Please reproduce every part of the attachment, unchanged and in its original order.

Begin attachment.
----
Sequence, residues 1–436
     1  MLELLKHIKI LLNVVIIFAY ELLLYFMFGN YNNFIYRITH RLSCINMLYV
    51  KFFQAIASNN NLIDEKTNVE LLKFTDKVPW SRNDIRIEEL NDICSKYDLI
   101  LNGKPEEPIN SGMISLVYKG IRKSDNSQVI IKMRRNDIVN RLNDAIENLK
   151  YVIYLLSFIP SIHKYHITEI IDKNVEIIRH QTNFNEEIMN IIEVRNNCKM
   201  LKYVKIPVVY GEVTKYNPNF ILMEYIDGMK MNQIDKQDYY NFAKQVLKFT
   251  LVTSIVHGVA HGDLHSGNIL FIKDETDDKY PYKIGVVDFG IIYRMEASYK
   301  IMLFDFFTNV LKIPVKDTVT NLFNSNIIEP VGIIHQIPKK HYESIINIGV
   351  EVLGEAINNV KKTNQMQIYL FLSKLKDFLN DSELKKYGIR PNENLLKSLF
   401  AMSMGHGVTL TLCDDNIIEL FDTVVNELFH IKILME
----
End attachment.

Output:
Sequence, residues 1–436
     1  MLELLKHIKI LLNVVIIFAY ELLLYFMFGN YNNFIYRITH RLSCINMLYV
    51  KFFQAIASNN NLIDEKTNVE LLKFTDKVPW SRNDIRIEEL NDICSKYDLI
   101  LNGKPEEPIN SGMISLVYKG IRKSDNSQVI IKMRRNDIVN RLNDAIENLK
   151  YVIYLLSFIP SIHKYHITEI IDKNVEIIRH QTNFNEEIMN IIEVRNNCKM
   201  LKYVKIPVVY GEVTKYNPNF ILMEYIDGMK MNQIDKQDYY NFAKQVLKFT
   251  LVTSIVHGVA HGDLHSGNIL FIKDETDDKY PYKIGVVDFG IIYRMEASYK
   301  IMLFDFFTNV LKIPVKDTVT NLFNSNIIEP VGIIHQIPKK HYESIINIGV
   351  EVLGEAINNV KKTNQMQIYL FLSKLKDFLN DSELKKYGIR PNENLLKSLF
   401  AMSMGHGVTL TLCDDNIIEL FDTVVNELFH IKILME